Here's the AZ Auditor Generals' website, the link to the report highlights, and the link to the full report. Thanks to Bob Ortega for staying on top of developments around the Arizona's prison privatization debacle...
Arizona prison safety lacking, report says
Auditor finds flaws but notes progress
by Bob Ortega - Sept. 24, 2011 12:00 AM
The Arizona Republic
Arizona's Department of Corrections needs to do more to improve security at private-contract and state-run prisons, a report released Friday by the state's auditor general concludes.
The report credits the department with making many significant improvements since the July 2010 escapes of three prisoners from the Kingman prison.
These improvements include revamping the state's monitoring and inspection programs, which had failed to detect obvious security flaws at Kingman before the escapes; new, tougher annual audits of each prison; better security and reporting requirements in new contracts; and stiffer requirements and better training for state monitors who oversee private prisons.The audit called for further steps to address ongoing security problems.
On their visits to several state prisons between December and May, auditors noted instances of correctional officers failing to pat down inmates properly when they were being moved, failing to inspect personal property and food items that were brought into prisons by employees and contractors, failing to adequately inventory tools, and failing to require inmates to wear their IDs. These issues also had been noted by the department's own inspectors, as previously reported by The Arizona Republic.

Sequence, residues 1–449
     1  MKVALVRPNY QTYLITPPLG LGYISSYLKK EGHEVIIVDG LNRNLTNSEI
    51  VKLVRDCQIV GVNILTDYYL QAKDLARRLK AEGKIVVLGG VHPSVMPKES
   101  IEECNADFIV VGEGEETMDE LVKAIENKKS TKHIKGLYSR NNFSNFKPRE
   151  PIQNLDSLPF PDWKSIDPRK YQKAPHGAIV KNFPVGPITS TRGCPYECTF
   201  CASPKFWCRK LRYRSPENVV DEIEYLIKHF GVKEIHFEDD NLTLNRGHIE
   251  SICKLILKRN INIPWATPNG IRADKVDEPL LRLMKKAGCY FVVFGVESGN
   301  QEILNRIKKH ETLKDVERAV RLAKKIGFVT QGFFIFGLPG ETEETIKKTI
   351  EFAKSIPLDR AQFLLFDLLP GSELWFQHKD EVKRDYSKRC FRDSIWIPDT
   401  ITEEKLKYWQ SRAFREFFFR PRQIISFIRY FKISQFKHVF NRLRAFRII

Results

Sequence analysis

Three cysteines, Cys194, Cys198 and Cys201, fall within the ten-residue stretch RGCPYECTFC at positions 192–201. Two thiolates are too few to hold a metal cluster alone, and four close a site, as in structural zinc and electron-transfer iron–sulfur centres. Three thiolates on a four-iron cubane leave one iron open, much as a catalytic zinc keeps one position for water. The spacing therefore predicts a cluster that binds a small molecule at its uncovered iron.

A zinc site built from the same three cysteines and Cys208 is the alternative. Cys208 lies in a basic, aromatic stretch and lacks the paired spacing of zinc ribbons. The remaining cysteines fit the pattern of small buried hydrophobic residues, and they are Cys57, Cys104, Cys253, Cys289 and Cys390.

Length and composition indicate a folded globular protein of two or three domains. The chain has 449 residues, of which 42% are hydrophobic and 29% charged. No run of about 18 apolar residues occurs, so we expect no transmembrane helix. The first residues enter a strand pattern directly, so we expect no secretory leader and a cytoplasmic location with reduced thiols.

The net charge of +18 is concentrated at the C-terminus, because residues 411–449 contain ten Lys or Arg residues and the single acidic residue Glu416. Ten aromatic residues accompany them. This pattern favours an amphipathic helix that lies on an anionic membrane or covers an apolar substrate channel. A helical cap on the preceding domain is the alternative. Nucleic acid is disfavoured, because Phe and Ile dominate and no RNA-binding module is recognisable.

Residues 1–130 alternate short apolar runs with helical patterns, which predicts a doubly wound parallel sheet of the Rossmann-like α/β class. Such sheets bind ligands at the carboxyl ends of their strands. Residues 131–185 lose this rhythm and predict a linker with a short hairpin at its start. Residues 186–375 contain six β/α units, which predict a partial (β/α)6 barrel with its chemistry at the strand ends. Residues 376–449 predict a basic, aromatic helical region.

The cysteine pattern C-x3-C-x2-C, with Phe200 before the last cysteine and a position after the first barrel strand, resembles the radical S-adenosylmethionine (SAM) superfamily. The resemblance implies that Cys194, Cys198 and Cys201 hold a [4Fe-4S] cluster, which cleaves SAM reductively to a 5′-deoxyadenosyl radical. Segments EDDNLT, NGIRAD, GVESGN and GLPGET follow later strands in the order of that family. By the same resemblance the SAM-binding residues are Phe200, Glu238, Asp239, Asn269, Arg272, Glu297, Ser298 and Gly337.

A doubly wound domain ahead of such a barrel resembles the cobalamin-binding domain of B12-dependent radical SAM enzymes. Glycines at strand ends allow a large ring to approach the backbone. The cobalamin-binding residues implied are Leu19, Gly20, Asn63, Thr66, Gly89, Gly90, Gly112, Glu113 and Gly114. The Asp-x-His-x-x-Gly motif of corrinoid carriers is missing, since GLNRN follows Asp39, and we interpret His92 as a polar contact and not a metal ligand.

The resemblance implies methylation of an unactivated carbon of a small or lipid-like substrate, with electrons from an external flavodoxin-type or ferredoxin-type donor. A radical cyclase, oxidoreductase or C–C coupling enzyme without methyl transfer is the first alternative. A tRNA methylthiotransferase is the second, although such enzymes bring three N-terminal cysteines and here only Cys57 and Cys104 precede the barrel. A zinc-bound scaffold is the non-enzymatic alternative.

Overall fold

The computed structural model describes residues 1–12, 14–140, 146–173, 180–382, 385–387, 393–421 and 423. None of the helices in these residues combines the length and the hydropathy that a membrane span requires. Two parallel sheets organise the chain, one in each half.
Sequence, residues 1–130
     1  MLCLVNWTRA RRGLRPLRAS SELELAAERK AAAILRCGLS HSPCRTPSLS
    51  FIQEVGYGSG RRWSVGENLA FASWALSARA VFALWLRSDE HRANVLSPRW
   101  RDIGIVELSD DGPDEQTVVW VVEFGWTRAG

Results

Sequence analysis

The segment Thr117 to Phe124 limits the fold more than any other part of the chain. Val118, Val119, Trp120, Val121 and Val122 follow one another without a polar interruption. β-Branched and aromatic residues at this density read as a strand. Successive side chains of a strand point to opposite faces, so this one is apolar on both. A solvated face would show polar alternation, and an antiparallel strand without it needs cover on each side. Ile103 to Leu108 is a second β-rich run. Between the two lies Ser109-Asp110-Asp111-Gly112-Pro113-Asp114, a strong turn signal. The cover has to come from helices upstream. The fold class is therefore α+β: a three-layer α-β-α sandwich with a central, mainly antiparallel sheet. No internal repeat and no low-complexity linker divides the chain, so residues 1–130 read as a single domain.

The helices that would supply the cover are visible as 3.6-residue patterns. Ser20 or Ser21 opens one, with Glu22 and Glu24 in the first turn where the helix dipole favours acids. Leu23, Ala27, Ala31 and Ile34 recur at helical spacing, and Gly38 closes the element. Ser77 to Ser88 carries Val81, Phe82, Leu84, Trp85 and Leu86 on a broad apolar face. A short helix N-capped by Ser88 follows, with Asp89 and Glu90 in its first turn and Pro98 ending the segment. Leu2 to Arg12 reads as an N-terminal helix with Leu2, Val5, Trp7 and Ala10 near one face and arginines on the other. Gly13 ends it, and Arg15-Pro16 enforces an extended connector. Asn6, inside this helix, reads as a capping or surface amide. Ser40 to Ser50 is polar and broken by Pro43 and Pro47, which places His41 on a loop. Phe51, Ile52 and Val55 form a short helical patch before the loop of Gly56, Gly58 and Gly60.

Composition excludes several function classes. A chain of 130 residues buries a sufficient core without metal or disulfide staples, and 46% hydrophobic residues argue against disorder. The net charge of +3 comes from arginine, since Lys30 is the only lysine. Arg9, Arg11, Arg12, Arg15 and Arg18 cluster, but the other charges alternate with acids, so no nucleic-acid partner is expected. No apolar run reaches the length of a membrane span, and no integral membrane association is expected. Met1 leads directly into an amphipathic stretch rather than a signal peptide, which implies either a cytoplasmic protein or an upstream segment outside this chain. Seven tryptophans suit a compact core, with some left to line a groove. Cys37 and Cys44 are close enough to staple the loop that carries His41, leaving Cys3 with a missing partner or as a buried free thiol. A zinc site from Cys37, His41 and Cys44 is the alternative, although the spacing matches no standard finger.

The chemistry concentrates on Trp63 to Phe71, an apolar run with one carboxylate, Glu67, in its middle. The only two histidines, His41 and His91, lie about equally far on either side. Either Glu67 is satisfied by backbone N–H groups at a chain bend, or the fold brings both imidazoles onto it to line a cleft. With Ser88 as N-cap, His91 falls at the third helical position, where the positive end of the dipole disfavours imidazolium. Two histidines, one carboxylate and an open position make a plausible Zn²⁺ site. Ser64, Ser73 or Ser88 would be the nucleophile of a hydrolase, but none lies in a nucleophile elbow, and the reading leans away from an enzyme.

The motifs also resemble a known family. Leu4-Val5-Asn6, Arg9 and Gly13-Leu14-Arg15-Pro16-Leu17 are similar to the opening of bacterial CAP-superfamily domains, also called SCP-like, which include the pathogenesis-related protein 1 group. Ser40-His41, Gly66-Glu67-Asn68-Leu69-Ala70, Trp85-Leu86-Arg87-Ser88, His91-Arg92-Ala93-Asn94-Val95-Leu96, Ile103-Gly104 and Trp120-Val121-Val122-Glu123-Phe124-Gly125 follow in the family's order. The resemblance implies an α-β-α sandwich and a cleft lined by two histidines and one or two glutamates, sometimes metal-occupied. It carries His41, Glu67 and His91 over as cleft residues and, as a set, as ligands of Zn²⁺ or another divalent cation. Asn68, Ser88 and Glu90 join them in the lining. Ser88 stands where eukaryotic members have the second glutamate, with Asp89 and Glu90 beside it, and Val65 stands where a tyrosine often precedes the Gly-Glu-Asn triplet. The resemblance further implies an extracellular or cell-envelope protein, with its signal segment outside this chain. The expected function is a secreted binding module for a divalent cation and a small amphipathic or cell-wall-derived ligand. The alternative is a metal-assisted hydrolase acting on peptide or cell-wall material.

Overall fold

Corrections Director Charles Ryan, in a written response, didn't dispute the issues raised by the auditors, though he stated that, according to the department's data, "over 93 percent of the time policies and procedures are followed and no violations are found." But Ryan agreed with all of the audit's recommendations, which included:
- Carrying out a biannual comparison of private and state-run prison services, as required by state law. As The Republic has reported, Corrections has never conducted this comparison, but Ryan said the department designed its new inspection program with this comparison in mind and will complete its first such study next month.
- Continuing to develop and carry out formal training for contract-monitoring staff. Ryan said the first such training, lasting 32 hours, was conducted this week.
- Using the new inspection process to identify systemic or ongoing security issues and analyze ways to address them across the prison system, whether by training, making written orders known as "post orders" more consistent, or improving supervision.
- Giving supervisors more leadership training as part of their required annual training.
The audit also noted that Corrections spent more than $29 million on overtime and compensatory leave last fiscal year, to cover for staff shortages. Ryan asked to add 306 officer positions this fiscal year but didn't receive the funding for them, though Corrections was the sole department to see its budget rise from the prior fiscal year.
The auditors noted that, before the Kingman escapes, Corrections' annual audits of each prison were conducted by officers at other prisons, creating a "quid pro quo" culture in which officers reviewing each other had incentives not to report problems. Now, those audits are conducted by the department's Inspector General's Office.
And although the department plans to impose tougher security and reporting requirements in contracts for up to 5,000 prison beds it is now evaluating, it said it can't impose those requirements on existing private-prison contracts until they come up for renewal or are rebid.
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